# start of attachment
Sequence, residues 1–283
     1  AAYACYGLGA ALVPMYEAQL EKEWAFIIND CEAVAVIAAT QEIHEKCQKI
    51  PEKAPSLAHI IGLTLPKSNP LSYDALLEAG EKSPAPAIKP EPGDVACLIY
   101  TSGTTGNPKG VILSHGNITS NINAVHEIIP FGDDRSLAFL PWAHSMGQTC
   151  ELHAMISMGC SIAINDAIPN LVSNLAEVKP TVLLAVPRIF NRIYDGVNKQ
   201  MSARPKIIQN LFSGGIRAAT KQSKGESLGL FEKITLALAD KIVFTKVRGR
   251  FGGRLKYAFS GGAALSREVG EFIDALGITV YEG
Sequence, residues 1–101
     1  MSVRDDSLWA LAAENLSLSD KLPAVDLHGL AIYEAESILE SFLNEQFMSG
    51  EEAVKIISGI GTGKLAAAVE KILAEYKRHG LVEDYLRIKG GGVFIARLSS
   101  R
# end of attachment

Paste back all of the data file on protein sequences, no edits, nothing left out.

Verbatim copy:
Sequence, residues 1–283
     1  AAYACYGLGA ALVPMYEAQL EKEWAFIIND CEAVAVIAAT QEIHEKCQKI
    51  PEKAPSLAHI IGLTLPKSNP LSYDALLEAG EKSPAPAIKP EPGDVACLIY
   101  TSGTTGNPKG VILSHGNITS NINAVHEIIP FGDDRSLAFL PWAHSMGQTC
   151  ELHAMISMGC SIAINDAIPN LVSNLAEVKP TVLLAVPRIF NRIYDGVNKQ
   201  MSARPKIIQN LFSGGIRAAT KQSKGESLGL FEKITLALAD KIVFTKVRGR
   251  FGGRLKYAFS GGAALSREVG EFIDALGITV YEG
Sequence, residues 1–101
     1  MSVRDDSLWA LAAENLSLSD KLPAVDLHGL AIYEAESILE SFLNEQFMSG
    51  EEAVKIISGI GTGKLAAAVE KILAEYKRHG LVEDYLRIKG GGVFIARLSS
   101  R